Lysistrata

One of the most famous of Aristophanes’ comedies depicting powerfully effectual women is the Lysistrata, named after the female lead character of the play. It portrays Athenian Lysistrata (which means ;release of war;) and the women of Athens teaming up with the women of Sparta to force their husbands to end the Peloponnesian War.
To make the men agree to a peace treaty, the women seized the Acropolis, where Athens’ financial reserves are kept, and prevented the men from squandering them further on the war. They then beat back an attack on their position by the old men who have remained in Athens while the younger men are out at war. When their husbands return from battle, the women refuse to have sex with them. This sex strike finally convinces the men of Athens and Sparta to agree to a peace treaty.
Lysistrata shows women acting bravely and even aggressively against men who seem resolved on ruining the city-state by prolonging a pointless war and excessively expending reserves stored in the Acropolis. This in turn added to the destruction of their family life by staying away from home for long stretches while on military campaign. The men would come home when they could, sexually relieve themselves, and then leave again to continue a senseless war.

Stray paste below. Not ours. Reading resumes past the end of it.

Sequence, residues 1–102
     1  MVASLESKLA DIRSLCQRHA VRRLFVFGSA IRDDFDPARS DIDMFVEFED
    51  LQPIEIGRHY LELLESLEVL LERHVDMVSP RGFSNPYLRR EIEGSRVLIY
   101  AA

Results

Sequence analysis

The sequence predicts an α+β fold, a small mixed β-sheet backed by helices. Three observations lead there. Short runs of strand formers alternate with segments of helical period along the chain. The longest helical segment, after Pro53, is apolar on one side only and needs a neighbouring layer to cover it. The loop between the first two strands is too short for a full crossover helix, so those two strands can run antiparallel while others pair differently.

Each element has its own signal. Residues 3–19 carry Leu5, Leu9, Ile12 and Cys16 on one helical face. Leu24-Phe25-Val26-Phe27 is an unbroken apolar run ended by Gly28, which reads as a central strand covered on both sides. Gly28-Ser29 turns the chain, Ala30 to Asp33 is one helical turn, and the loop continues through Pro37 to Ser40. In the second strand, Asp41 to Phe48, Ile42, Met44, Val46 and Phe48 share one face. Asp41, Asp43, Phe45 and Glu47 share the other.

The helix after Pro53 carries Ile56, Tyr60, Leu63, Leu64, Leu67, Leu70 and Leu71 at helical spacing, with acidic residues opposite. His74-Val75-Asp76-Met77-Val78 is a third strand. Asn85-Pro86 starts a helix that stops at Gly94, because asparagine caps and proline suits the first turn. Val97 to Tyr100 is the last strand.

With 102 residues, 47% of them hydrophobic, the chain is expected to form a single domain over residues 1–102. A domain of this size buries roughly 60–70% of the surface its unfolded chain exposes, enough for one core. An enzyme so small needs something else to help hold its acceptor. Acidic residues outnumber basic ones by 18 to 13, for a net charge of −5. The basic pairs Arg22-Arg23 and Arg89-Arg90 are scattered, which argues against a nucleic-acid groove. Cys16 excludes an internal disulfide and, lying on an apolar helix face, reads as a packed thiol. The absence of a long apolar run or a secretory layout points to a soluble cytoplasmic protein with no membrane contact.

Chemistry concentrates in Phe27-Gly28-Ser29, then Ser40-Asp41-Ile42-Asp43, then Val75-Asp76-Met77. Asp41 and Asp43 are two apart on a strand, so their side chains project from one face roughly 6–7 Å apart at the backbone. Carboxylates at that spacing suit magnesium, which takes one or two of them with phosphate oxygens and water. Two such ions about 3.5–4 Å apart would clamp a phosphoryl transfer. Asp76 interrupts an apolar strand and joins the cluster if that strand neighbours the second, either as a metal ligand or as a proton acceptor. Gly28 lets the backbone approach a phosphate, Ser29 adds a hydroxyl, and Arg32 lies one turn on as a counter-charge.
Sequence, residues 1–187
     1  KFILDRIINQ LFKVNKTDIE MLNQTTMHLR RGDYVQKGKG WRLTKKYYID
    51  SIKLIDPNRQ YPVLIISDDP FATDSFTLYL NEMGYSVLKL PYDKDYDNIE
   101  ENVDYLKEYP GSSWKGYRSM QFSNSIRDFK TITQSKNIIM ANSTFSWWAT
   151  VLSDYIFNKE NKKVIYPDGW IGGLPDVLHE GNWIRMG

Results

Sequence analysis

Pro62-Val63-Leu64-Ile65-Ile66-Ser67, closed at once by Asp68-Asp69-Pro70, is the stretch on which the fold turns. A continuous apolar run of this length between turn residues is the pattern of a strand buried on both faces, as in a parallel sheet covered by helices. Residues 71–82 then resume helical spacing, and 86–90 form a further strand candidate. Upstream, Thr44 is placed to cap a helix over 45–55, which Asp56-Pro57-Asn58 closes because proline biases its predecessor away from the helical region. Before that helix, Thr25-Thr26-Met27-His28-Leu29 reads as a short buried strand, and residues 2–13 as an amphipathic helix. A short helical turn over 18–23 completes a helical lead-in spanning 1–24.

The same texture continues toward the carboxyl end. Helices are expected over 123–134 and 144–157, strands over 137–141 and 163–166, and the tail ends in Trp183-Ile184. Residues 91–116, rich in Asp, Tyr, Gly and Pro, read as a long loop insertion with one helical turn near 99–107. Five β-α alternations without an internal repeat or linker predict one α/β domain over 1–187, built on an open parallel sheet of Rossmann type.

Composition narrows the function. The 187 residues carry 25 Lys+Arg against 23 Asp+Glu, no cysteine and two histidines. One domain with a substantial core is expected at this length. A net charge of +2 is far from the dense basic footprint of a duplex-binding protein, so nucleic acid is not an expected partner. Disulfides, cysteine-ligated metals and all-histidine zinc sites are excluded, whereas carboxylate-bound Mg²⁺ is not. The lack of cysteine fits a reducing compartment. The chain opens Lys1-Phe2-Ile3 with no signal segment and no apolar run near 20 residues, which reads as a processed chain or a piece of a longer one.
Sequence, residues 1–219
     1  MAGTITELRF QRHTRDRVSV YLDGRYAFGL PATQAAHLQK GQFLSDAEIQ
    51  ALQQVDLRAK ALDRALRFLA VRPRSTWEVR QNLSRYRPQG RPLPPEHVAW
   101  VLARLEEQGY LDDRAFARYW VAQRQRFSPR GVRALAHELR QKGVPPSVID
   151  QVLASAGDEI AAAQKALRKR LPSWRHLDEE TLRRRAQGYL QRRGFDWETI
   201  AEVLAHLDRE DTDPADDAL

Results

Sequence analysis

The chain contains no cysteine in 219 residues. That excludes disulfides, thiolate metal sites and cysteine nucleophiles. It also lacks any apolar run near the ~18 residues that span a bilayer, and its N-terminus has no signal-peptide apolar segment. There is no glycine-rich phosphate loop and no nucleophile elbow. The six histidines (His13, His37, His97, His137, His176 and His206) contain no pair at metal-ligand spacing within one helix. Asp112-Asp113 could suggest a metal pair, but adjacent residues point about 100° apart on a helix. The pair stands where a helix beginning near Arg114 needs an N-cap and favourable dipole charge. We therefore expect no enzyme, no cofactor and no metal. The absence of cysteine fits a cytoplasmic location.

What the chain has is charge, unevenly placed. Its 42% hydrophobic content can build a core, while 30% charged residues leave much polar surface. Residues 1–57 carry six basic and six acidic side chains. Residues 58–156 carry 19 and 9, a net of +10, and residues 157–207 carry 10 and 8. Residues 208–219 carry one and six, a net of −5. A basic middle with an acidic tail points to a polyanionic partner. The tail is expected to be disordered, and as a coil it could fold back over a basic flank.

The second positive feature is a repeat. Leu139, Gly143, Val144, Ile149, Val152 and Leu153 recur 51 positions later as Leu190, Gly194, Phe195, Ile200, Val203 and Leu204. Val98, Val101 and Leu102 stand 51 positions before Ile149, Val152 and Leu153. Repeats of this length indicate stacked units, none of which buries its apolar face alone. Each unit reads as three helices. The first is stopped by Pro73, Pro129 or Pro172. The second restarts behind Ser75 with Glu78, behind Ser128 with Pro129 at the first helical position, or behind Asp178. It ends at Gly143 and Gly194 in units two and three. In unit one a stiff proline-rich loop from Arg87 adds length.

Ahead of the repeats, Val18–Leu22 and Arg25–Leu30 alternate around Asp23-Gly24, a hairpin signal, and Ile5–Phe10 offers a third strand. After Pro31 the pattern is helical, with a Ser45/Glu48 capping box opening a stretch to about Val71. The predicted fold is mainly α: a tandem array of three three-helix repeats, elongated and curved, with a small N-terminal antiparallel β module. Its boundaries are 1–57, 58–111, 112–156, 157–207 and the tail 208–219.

The women challenge the masculine role model to preserve the traditional way of life of the community. When the women become challenged, they take on the masculine characteristics and attitudes and defeat the men physically, mentally and strategically. Proving that neither side benefits from it, just that one side loses more than the other side.
It’s easy to see why Athenian women would get tired of their men leaving. Most Athenian women married in their teens and never had to be on their own Most of them wouldn’t have known what to do if they did end up on their own. The men leave for war and some don’t return because of death or other reasons, so now a widow finds